A loss of forest land this colossal contributes to emissions worldwide in a detrimental scale. To the forest itself, it is beyond catastrophic. It has led to the endangerment of many species, including the Sumatran Orangutan. With around 7,500 individuals, this great ape is critically endangered. [5] Also critically endangered are the Sumatran rhinos and tigers, with fewer than 300 and 400 left of them in the wild, respectively. [4] Despite this, the world, unfortunately, continues to exploit the rainforest as a resource, completely disregarding the damage. This is because palm oil is cheap, versatile, and easy to acquire. What’s more conflicting is that it is found in a variety of products, including food, cosmetics, cleaning products, and fuels. [6] Huge corporations like Nestlé, Wilmar, PepsiCo, and Unilever play a leading role in exploiting the forest, extracting, and using, or overusing, palm oil. [7]

What does this mean for the Orang Rimba? Apart from losing their land and its biodiversity, the Orang Rimba suffer deliberate displacement and forced evictions, intimidation, and even poisoning. They are unable to harvest resources from the forest or use it as shelter. Their land is taken by force to be used for profit, and they are continuously being harassed by company security guards. Many have resorted to sheltering under plastic sheets, while others are either forced to beg or migrate to urban settlements. [7] As a solution, the government has provided them with “pre-fabricated houses to live in, without shade, without water. [Which] hasn’t worked. [Because] what they want is their forests.” [8] All of this heavily affects the longevity of their culture, as it is proving to be more difficult to pass on “intergenerational knowledge and skills, such as weaving mats and baskets made from forest products,” because these very products are nearly impossible to come by, leading to the Orang Rimba having an insecure sense for their future. [9]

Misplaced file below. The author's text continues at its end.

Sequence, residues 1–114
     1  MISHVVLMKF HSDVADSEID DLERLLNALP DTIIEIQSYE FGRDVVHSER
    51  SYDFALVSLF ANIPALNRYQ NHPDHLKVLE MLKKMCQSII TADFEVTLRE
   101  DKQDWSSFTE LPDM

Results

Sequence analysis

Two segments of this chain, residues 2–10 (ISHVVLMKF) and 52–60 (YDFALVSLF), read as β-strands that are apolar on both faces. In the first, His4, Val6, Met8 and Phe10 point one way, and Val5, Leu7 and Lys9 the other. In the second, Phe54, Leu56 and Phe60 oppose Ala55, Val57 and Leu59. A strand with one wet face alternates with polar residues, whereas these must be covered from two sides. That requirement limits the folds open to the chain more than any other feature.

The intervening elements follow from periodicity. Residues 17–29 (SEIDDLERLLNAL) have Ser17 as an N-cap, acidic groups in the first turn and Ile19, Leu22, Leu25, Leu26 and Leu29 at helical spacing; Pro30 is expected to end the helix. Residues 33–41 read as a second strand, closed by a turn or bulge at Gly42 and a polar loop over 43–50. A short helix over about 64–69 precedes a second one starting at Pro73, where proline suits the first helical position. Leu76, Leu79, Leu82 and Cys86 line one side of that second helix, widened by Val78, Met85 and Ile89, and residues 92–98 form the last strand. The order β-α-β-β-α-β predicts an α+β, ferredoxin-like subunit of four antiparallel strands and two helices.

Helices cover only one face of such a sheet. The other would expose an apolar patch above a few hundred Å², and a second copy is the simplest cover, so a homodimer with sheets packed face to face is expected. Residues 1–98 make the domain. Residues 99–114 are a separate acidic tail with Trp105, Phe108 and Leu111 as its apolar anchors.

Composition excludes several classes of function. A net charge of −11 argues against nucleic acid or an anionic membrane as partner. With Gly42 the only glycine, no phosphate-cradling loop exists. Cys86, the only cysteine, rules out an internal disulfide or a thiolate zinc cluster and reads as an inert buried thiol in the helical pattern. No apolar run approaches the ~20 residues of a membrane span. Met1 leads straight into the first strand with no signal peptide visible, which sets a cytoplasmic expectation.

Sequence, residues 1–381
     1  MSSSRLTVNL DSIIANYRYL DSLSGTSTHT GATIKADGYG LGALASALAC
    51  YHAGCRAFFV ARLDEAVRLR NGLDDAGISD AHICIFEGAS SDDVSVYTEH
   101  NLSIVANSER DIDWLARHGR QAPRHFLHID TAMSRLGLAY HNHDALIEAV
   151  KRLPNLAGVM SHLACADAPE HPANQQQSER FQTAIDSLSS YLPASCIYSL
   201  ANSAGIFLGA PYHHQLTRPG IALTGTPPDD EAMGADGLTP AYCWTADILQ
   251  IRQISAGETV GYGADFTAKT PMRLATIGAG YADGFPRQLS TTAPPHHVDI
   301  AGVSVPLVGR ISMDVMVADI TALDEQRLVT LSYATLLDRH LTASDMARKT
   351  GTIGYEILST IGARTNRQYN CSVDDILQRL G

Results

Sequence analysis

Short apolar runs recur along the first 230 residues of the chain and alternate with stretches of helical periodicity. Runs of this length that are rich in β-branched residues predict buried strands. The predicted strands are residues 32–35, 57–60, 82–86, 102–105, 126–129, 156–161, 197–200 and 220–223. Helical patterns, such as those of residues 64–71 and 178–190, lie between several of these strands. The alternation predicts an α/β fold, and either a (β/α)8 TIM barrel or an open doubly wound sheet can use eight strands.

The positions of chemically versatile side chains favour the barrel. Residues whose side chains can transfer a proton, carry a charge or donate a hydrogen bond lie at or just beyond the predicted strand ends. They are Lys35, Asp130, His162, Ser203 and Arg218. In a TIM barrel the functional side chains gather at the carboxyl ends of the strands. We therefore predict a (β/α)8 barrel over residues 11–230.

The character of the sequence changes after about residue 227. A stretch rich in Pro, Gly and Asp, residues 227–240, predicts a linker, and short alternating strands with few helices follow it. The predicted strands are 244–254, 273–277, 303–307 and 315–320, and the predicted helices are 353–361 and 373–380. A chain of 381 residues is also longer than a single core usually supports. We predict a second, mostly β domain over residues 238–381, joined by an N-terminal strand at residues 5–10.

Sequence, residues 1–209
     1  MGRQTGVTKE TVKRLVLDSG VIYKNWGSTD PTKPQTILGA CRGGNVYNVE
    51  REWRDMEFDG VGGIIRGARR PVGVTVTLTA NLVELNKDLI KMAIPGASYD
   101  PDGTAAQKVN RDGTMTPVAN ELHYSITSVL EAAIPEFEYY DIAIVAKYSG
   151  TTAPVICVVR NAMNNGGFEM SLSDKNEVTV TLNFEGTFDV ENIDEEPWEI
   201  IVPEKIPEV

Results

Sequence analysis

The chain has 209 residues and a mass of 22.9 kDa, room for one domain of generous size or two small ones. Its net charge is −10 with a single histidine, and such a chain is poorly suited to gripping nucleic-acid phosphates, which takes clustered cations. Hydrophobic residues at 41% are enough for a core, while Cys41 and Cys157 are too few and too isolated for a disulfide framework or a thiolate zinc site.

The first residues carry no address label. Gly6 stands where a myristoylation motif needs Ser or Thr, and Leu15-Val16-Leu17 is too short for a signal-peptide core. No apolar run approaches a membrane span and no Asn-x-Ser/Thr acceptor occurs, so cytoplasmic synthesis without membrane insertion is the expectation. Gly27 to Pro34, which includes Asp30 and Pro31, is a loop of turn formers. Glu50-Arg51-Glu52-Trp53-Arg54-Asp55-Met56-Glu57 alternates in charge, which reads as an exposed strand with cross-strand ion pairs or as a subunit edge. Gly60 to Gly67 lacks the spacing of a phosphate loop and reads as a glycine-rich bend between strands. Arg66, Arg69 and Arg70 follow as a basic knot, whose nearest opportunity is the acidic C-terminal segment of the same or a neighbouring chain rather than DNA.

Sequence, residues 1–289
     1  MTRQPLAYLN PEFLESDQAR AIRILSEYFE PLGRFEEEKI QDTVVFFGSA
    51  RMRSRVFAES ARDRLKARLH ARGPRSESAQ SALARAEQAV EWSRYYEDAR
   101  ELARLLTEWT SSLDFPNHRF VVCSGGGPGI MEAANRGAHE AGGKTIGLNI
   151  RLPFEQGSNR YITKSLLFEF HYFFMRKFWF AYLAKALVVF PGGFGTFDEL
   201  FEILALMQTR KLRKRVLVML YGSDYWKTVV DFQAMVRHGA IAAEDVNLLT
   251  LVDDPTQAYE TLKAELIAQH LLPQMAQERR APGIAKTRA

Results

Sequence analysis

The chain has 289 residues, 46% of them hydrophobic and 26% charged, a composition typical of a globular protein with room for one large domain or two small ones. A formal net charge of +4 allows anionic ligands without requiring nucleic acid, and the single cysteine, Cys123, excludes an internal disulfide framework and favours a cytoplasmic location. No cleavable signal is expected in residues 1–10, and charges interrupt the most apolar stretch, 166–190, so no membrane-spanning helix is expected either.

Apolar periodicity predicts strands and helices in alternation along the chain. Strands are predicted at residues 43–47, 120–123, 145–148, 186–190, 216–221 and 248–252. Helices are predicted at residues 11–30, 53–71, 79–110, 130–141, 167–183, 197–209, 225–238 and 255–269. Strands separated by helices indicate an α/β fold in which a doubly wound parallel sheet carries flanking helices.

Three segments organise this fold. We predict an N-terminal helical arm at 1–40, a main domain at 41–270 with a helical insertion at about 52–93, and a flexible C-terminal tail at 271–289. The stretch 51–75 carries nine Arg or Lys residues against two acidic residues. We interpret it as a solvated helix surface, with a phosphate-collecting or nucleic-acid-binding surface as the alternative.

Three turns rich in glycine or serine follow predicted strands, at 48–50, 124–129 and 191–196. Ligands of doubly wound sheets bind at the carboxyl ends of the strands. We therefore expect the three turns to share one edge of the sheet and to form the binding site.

The sky is their roof and the earth is their floor, says an Orang Rimba proverb, establishing that the forest is their only true home. The indigenous people of the Sumatra forest have demonstrated a clear desire to stay in and indeed protect their forest from violent invaders, and it should be the absolute central mission of environmentalists, NGOs, and even consumers to help them achieve it.

Author: Rima Qayed


Indonesia NGOs and Nonprofits

Indonesia NGOs and Nonprofits - GlobalGiving

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  1. I met the tribe on the front line in the battle to save Indonesia’s forests - Survival International

  2. Living Without the Forest: Adaptive Strategy of Orang Rimba, Available at:

  3. Orang Rimba: Endangered People in Endangered Forest | ヒューライツ大阪 (

  4. Sumatra | WWF (

  5. Orangutan | Species | WWF (

  6. Palm Oil Destroys Rainforests But World Not Buying Sustainable Crop (

  7. Demanding Accountability: Strengthening corporate accountability and supply chain due diligence to protect human rights and safeguard the environment, Available at:

  8. Saving Sumatra’s Endangered Peoples | WWF (

  9. Indonesia: Indigenous Peoples Losing Their Forests | Human Rights Watch (